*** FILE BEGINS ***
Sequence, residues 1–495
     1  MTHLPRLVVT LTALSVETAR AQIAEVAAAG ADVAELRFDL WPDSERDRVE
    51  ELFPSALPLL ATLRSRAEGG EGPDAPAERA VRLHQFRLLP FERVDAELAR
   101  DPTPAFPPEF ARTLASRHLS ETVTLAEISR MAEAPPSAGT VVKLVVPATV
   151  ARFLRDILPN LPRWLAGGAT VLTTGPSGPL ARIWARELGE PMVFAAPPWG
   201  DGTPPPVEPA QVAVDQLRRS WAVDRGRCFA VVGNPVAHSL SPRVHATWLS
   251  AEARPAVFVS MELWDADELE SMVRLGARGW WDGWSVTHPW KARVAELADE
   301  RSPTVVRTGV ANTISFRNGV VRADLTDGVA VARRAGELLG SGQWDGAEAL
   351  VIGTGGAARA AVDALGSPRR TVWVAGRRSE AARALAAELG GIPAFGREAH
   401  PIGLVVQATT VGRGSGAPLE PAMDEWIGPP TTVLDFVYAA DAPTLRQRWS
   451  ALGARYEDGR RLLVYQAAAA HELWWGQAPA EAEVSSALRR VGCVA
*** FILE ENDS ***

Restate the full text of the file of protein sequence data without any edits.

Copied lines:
Sequence, residues 1–495
     1  MTHLPRLVVT LTALSVETAR AQIAEVAAAG ADVAELRFDL WPDSERDRVE
    51  ELFPSALPLL ATLRSRAEGG EGPDAPAERA VRLHQFRLLP FERVDAELAR
   101  DPTPAFPPEF ARTLASRHLS ETVTLAEISR MAEAPPSAGT VVKLVVPATV
   151  ARFLRDILPN LPRWLAGGAT VLTTGPSGPL ARIWARELGE PMVFAAPPWG
   201  DGTPPPVEPA QVAVDQLRRS WAVDRGRCFA VVGNPVAHSL SPRVHATWLS
   251  AEARPAVFVS MELWDADELE SMVRLGARGW WDGWSVTHPW KARVAELADE
   301  RSPTVVRTGV ANTISFRNGV VRADLTDGVA VARRAGELLG SGQWDGAEAL
   351  VIGTGGAARA AVDALGSPRR TVWVAGRRSE AARALAAELG GIPAFGREAH
   401  PIGLVVQATT VGRGSGAPLE PAMDEWIGPP TTVLDFVYAA DAPTLRQRWS
   451  ALGARYEDGR RLLVYQAAAA HELWWGQAPA EAEVSSALRR VGCVA